May 17, 2021

Best Email Opening Lines: 17 Clever Ways to Tailor Your Emails for Optimal Open Rates

Email marketing is an effective way to generate new leads and keep your customers happy. But in order for it to be successful, you need people to open your emails! One way you can do this is by using the best email opening line that compels readers to open your email.

Email marketing is one of the best ways to drive leads, customer engagement and sales. There are many factors that go into making your email open rates high - best email opening lines, subject line, call-to-actions... 

But did you know that it's possible to tailor your emails to increase the likelihood of someone clicking on them? We've put together 17 clever tips on how to come up with the best email opening line of your own for optimal opening rate.

How to Write Best Email Opening lines?

When it comes to cold emails, what determines the success rates of a campaign is the person's opening line. This is because if someone opens an email that is poorly written or bland, then most likely they will simply hit delete and immediately move on with their day.

Before we get into specific of the best email opening lines, that you can use in your next cold email, there are some tips you should follow when crafting something engaging:

1. Keep It Short & Simple- Long email openings makes people switch from being interested in reading more about your pitch to just simply hitting delete and moving on with their lives. 

A common practice among successful cold emails is that they keep their openers short and sweet so that readers do not lose interest halfway through their thoughts.

2. Use Conversational Language- Your email opening is designed to spark conversation with the reader which means you should not sound like a robot sending out the same email over and over again. 

Speak in your own voice so that readers can see your personality, emotion, and reasonings behind why you are reaching out to them. State facts, opinions, even life experiences if necessary. 

It will help determine whether or not someone is interested in reading more about what you have to say.

3. Avoid Filler Words- Filler words lack personality and authority which makes people easily disengage from what they are doing to form their own opinions on how they feel about you as a person (which might not be good).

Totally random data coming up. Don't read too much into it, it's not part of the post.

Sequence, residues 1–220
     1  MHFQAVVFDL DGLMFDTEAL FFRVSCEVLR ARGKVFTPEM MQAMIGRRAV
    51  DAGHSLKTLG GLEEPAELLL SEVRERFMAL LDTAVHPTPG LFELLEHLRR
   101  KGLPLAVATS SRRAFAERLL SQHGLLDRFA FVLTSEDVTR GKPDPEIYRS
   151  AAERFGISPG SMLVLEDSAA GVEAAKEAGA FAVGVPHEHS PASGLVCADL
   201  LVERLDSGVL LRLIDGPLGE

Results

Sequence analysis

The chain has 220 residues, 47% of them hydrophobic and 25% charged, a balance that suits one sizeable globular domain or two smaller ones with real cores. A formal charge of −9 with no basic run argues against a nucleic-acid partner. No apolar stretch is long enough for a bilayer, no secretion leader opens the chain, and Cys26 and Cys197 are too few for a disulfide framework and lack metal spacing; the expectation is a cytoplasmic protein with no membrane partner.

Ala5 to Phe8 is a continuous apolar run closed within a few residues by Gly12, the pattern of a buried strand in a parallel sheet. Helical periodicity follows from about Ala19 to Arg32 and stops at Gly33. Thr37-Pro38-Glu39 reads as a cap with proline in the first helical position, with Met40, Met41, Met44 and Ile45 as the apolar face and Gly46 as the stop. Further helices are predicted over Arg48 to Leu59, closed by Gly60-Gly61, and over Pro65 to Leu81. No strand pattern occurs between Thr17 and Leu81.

Here are some commonly used filler words that should be ignored in your next cold email pitch: "Um…" "Like,…" "So,…" "You Know"

Replace them with something constructive and valuable like:

"When we first started out, we struggled to decide what kind of target market we wanted to serve and how we wanted our business model to be."

4. Answer The Gatekeeper's Questions- While you might not be getting through the gatekeeper immediately, one thing that is for certain is that they are always trying to form their own opinions about who you are as a person (are you polite? do I need to worry about giving someone this information?). 

Use your opener as a bridge into explaining why you reached out and what value you bring. It could be in the form of a solution to their problems, why your work is different from others who do what you do, or even a personal connection between the two of you.

5. Use Your Own Voice- Since this email is coming directly from you, make sure it reflects your personality and passion for what you do. 

Avoid using "I" too much which can come off as pretentious while also avoiding talking about yourself in third person where it comes off as robotic. It is okay to be excited!

6. Remove Fluff Text That Does Not Matter- Since cold emails are often sent out at a high frequency, keep them short and sweet but most importantly get right into the point with why someone should take interest in engaging with your company or services.

7. Edit It Before You Send It Out- Before you hit send, make sure your email is grammatically correct and that it flows well without any hiccups, you can use tools like grammarly for better accuracy. Read it over one more time before sending to ensure that you are satisfied with the message you are trying to convey. 

Sometimes too much information can lead into confusing sentences which discourages people from reading on further to fully understand what you are trying to say.

A few examples of cold emails along with their respective opening lines:

1). Your Client's Friend - "Hey {Name}, How are you? I am an alumni of {University} class of {Year}. Your name was given to me by {Client Name}. May I ask if he gave his permission for you to share his contact information?"

2). A Startup Founder - "Hey {Name}, I was referred to you by a mutual friend, {mutual_friend_name}. I currently run a startup me and my cofounder built from scratch 2 years ago. We are looking for our first round of seed funding from investors and we were wondering if you would be interested in hearing more about what we do."

3). A PR Agency - "Hi {Name}, Hope all is well! My name is {First_Name} from {Insert PR Agency Name}. Are you interested in speaking with us regarding any opportunities for press coverage? Would love to learn more about your work!"